Philae is a robotic European Space Agency lander that accompanies the Rosetta spacecraft. It is designed to land on 4-km wide comet named 67P/Churyumov–Gerasimenko. The lander is expected to achieve the first controlled touchdown on a comet nucleus. Reportedly achieved this today, see: Philae spacecraft makes historic landing on comet suggesting this comet ride will study what it’s like to get closer to the Sun. But is there more to this story?
Philae is an is an island in Lake Nasser, Egypt, is also a UNESCO World Heritage Site under the Official name: Nubian Monuments from Abu Simbel to Philae. According to Wikipedia post on Philae “The most ancient were the remains of a temple for Isis built in the reign of Nectanebo I during 380-362 BC, was approached from the river through a double colonnade. Nekhtnebef is his nomen and he became the founding pharaoh of the thirtieth and last dynasty of native rulers when he deposed and killed Nefaarud II. Isis was the goddess to whom the initial buildings were dedicated. See Gerhart Haeny’s ‘A Short Architectural History of Philae’ (BIFAO 1985) and numerous other articles which incontrovertibly identify Isis (not Hathor) as the primary goddess of the sacred isle.”
Is this why the robotic lander was named Philae? An ancient monument to Isis. Other things named ISIS to consider are the name of new age book by H. P. Blavatsky ISIS UNVEILED: A Master-Key to the Mysteries of Ancient and Modern Science and Theology. Highlighted on theosociety.org as Blavatsky’s first major work on theosophy, examining religion and science in the light of Western and Oriental ancient wisdom and occult and spiritualistic phenomena. Or as a possible potential name for the mossad the Israeli Secret Intelligence Service ISIS. Or as the name of a demonically possessed militia terrorizing Kurdistan and the Levant. So while the New World Order is bombing Northern Iraq people can be excited about the peaceful advances of science landing on a comet that’ll drop by in 6.5 years.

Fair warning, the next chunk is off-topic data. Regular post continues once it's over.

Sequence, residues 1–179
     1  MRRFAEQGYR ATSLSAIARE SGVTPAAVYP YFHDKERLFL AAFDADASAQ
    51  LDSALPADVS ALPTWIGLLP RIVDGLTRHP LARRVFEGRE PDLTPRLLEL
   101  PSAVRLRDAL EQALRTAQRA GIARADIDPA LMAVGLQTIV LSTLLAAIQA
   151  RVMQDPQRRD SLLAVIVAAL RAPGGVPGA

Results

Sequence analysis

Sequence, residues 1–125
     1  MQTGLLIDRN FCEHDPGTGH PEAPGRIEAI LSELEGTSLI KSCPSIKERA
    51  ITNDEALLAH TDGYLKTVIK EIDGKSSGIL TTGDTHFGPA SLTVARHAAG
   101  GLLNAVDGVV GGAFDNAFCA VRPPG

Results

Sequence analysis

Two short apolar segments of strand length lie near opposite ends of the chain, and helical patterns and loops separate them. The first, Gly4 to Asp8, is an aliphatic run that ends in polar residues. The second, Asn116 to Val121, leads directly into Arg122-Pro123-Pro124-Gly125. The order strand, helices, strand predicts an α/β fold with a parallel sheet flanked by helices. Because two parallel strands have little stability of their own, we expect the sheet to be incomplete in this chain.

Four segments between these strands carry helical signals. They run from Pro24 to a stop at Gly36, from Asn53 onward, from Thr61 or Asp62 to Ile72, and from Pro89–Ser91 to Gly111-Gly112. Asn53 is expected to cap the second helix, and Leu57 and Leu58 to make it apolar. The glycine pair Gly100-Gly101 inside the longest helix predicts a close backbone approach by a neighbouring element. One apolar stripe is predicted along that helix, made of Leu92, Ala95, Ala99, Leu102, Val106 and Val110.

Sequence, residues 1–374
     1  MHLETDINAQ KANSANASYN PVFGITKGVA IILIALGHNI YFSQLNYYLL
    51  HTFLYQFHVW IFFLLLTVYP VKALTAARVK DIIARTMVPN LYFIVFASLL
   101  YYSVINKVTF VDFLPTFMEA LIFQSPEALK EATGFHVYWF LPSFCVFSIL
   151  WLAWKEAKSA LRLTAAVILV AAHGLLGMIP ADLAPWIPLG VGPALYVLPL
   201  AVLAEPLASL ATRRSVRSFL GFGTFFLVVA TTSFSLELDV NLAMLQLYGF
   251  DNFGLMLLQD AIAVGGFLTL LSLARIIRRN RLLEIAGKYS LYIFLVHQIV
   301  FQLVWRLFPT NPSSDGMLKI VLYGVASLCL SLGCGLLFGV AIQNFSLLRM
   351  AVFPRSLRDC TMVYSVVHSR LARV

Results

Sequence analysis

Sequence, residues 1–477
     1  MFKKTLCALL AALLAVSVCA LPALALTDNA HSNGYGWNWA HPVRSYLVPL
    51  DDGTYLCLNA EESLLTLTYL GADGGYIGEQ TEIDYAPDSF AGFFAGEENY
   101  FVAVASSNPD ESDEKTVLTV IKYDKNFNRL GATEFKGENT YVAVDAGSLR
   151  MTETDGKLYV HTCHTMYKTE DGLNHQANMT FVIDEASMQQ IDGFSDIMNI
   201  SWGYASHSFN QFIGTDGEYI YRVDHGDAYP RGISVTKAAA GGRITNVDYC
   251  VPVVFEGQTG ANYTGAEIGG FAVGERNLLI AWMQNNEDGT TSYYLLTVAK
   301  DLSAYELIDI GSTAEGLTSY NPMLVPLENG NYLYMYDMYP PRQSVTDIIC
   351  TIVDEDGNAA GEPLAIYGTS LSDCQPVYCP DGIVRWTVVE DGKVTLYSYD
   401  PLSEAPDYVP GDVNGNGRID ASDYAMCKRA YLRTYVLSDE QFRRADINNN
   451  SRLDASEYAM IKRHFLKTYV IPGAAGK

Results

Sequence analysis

The name of the mission is Rosetta. According to the European Space Agency’s website unprecedented mission of cometary exploration is named after the famous ‘Rosetta Stone’. This slab of volcanic basalt discovered in 1799 by french soldiers was the key to unravelling the civilization of ancient Egypt. “Just as the Rosetta Stone provided the key to an ancient civilisation, so ESA’s Rosetta spacecraft will unlock the mysteries of the oldest building blocks of our Solar System – the comets. As the worthy successor of Champollion and Young, Rosetta will allow scientists to look back 4600 million years to an epoch when no planets existed and only a vast swarm of asteroids and comets surrounded the Sun.”
This really has put Europe at the frontline of space research, all thanks to an expression of European ambition and of course thanks to political willingness that will invest in breakthrough basic science missions and also to be prepared to take risks, risks with missions that are really technologically speaking at the edge of what you can expect and Rosetta, and I want to express that, is really the best example of that.”
Coincidentally, the top movie of this week is an advancement in science epic Interstellar, with an estimated budget of $165M finishing second in the opening weekend box office with $47.51M, centres around a plot of humans first mission to deepspace via a blackhole with the backdrop of an environmental disaster threatening the Earth and people even researching the moon landing hoax. With some interdimensional twists around time travel and conjuring ghosts it’s an interesting release during this time of outer space intrigue and new age agenda.
Cooper: You don’t believe we went to the Moon?
Ms. Kelly: I believe it was a brilliant piece of propaganda, that the Soviets bankrupted themselves pouring resources into rockets and other useless machines…
Cooper: Useless machines?
Philae is also todays Google doodle: